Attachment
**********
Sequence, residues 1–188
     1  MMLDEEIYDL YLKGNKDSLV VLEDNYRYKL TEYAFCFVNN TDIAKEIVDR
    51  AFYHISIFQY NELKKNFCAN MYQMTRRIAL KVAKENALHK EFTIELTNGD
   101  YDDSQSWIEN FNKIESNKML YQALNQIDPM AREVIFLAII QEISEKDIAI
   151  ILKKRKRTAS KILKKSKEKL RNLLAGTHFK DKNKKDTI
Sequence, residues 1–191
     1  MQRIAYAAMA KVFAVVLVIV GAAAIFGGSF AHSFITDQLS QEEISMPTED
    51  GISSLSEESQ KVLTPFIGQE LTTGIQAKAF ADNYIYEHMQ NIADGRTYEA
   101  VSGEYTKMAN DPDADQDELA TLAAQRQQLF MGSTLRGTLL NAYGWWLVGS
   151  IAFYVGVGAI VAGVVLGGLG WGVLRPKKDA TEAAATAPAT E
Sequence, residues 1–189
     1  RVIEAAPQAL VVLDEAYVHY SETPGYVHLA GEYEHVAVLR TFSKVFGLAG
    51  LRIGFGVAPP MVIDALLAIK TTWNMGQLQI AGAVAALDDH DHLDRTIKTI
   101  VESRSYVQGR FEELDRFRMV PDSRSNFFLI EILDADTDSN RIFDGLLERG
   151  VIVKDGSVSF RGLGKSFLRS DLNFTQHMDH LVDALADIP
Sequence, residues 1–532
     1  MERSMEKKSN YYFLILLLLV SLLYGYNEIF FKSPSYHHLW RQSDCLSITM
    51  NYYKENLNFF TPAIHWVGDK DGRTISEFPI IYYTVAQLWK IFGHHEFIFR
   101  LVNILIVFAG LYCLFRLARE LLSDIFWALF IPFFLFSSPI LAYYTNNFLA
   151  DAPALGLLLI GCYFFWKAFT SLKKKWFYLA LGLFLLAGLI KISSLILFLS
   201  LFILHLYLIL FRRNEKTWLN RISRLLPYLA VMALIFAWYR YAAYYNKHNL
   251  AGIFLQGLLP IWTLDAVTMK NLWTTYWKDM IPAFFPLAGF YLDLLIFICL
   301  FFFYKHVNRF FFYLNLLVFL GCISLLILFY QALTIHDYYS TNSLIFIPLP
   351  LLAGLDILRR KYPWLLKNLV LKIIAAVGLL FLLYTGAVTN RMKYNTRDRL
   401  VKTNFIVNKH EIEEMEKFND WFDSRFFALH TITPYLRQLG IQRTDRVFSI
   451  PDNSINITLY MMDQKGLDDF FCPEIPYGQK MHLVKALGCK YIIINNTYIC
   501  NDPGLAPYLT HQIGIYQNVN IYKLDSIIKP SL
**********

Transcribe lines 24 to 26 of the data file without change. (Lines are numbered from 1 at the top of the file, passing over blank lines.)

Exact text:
   351  LLAGLDILRR KYPWLLKNLV LKIIAAVGLL FLLYTGAVTN RMKYNTRDRL
   401  VKTNFIVNKH EIEEMEKFND WFDSRFFALH TITPYLRQLG IQRTDRVFSI
   451  PDNSINITLY MMDQKGLDDF FCPEIPYGQK MHLVKALGCK YIIINNTYIC